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Expat writer branches out into children's fiction with first picture book
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Expat writer branches out into children's fiction with first picture book

2 min. 09.12.2013 From our online archive
An expatriate father-of-two has published his first children's book in Luxembourg, based on a story he invented for his daughters while on holiday.

An expatriate father-of-two has published his first children's book in Luxembourg, based on a story he invented for his daughters while on holiday.

Robert Schofield, 50, came up with the story of the Hoogen Stoogen Tulip around 10 years ago while visiting the Keukenhof tulip exhibition in the Netherlands with his family.

A decade on and his story is now in print, published in English and Luxembourgish and available for sale in most book stores.

“I don't know why, but I think people have been surprised by how high quality it is. People maybe don't see me differently but they see my work differently,” Robert Schofield told wort.lu/en, adding: “This is a book you can buy in bookshops. I can imagine it being on a children's table.”

By day Robert, a British national, works as a division head for the European Investment Bank (EIB) in Luxembourg. However, for the past few years when not at work he has dedicated the “nooks and crannies” of his free time to writing.

“The best thing about writing is using the other side of your brain. You can play with language and rhythm and create your own world, characters and it's very different to what I do at work,” he said.

Robert's first breakthrough came in 2010 when he won an award at the national literary prize for his novel, The Fig Tree and the Mulberry, a story based on his mother's experiences being evacuated from England to New Zealand during WWII.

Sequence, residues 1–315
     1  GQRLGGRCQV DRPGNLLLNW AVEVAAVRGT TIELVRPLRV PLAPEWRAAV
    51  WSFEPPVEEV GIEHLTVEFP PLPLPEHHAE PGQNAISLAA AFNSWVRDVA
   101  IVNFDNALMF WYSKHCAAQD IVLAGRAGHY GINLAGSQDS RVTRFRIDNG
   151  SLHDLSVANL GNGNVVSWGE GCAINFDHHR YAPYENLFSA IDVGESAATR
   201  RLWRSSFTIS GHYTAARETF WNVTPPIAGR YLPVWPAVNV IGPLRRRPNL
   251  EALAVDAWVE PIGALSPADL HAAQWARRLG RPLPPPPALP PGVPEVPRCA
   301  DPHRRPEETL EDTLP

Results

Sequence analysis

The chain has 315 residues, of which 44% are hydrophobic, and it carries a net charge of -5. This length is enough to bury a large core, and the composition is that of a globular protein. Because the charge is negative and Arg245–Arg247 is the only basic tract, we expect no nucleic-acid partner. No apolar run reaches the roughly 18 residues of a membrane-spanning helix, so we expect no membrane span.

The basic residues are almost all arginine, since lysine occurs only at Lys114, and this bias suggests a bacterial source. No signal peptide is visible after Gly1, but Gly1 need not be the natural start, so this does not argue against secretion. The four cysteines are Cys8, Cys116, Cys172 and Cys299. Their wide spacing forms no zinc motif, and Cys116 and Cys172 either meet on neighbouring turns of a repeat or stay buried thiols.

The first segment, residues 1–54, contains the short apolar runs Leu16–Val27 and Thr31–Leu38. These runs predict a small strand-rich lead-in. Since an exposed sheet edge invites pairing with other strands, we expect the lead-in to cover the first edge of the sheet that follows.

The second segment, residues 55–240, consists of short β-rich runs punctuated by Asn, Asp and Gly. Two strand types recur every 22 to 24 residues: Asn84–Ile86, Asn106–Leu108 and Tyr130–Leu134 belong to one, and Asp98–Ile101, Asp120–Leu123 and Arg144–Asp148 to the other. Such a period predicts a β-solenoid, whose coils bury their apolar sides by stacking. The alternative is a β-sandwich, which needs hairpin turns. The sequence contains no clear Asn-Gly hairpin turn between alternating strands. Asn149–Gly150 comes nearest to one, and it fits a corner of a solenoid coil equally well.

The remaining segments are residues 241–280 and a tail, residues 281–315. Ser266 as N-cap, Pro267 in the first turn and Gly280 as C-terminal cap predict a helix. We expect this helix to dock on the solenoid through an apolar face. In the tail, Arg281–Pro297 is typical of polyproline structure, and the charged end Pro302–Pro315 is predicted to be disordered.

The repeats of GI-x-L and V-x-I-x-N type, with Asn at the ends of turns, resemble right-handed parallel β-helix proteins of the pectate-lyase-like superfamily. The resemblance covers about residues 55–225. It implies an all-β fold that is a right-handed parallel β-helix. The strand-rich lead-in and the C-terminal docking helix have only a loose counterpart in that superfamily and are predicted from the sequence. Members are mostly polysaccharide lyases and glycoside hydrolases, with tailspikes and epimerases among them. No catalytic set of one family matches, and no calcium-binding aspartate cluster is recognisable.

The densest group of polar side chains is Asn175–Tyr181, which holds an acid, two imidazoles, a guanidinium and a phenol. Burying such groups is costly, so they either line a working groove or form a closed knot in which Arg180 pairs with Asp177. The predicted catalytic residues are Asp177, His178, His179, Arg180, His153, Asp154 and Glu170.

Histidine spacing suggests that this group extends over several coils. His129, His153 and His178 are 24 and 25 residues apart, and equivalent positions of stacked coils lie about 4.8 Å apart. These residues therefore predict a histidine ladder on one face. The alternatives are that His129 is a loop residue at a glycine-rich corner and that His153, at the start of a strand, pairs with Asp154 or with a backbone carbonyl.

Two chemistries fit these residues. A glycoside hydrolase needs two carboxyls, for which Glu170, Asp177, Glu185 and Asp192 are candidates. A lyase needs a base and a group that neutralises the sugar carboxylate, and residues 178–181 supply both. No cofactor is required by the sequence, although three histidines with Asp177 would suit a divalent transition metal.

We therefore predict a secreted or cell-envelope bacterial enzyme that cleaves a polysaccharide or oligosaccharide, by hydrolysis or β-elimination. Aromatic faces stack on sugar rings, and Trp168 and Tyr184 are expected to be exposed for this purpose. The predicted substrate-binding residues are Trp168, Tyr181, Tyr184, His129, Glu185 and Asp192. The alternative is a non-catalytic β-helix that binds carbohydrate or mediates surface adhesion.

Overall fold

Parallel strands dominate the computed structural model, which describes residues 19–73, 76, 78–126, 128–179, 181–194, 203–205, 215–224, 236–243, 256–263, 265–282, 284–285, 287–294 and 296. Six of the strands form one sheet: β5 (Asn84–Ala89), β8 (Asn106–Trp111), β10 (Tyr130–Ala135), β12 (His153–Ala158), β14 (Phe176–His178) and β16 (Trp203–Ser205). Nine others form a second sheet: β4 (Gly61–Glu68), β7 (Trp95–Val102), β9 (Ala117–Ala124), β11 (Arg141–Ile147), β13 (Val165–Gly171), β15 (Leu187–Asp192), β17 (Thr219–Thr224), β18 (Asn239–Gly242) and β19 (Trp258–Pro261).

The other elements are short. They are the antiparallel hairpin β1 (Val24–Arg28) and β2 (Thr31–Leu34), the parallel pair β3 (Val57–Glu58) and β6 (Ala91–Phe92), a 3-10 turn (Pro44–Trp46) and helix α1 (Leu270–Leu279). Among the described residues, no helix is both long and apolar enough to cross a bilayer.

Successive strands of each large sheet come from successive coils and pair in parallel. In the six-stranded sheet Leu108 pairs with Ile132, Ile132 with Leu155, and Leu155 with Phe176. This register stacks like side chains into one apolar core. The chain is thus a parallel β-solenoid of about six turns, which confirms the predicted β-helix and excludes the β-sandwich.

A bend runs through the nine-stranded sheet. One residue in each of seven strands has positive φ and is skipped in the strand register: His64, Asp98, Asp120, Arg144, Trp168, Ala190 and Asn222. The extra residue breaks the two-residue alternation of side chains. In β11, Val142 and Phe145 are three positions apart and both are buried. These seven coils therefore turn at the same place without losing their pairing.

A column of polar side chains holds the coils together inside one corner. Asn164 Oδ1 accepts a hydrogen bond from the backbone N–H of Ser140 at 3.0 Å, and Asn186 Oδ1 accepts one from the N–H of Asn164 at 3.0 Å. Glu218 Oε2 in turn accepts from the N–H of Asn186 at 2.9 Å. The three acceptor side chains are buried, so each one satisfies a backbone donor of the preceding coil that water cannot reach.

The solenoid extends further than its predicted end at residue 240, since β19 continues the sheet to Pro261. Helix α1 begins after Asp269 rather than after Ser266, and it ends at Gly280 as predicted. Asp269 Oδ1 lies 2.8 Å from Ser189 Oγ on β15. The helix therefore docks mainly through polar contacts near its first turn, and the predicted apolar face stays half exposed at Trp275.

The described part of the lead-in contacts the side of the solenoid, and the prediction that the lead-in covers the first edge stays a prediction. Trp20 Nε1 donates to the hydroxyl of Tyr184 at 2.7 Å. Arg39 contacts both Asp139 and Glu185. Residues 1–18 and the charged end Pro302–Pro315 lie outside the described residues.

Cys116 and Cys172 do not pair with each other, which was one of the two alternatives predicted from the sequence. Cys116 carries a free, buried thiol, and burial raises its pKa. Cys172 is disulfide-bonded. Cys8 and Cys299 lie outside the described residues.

The book was published by “Editions Saint-Paul”, prompting the author to put forward some of his other stories. Publishers Binsfeld snapped up The Hoogen Stoogen Tulip and put him in contact with satirical illustrator Carlo Schmitz.

The dark but humourous tale describes the change in fortune of a poor Dutch tulip farmer and his daughter when they accidentally grow a black tulip. The tulip is sold on for a fortune to the richest banker in Amsterdam who eventually meets a sticky end.

Robert said that Schmitz's style was well matched for the story's tone, which is suitable for both children and parents.

“Before I met Carlo, he did a series of sketches. The amazing thing was not that it was how I imagined the characters to be but how the sketches fitted into the story I had created,” he said.

After a series of illnesses and accidents affecting people working on the story, the book was finally published in July 2013 after which it was shortlisted for the national book prize.

“I think my daughters were a bit upset there's no dedication to them on the front. I think there will be in the next one. I hope that it will be a series. If it's successful,” he said.

After this latest success, Robert's life as a writer is no longer completely separate from his day job. This year the EIB hosted an exhibition describing the process behind creating the book, raising the profile of his other life among colleagues. The EIB book store also sells the Hoogen Stoogen Tulip.

Find out more about the author by visiting robert-schofield.eu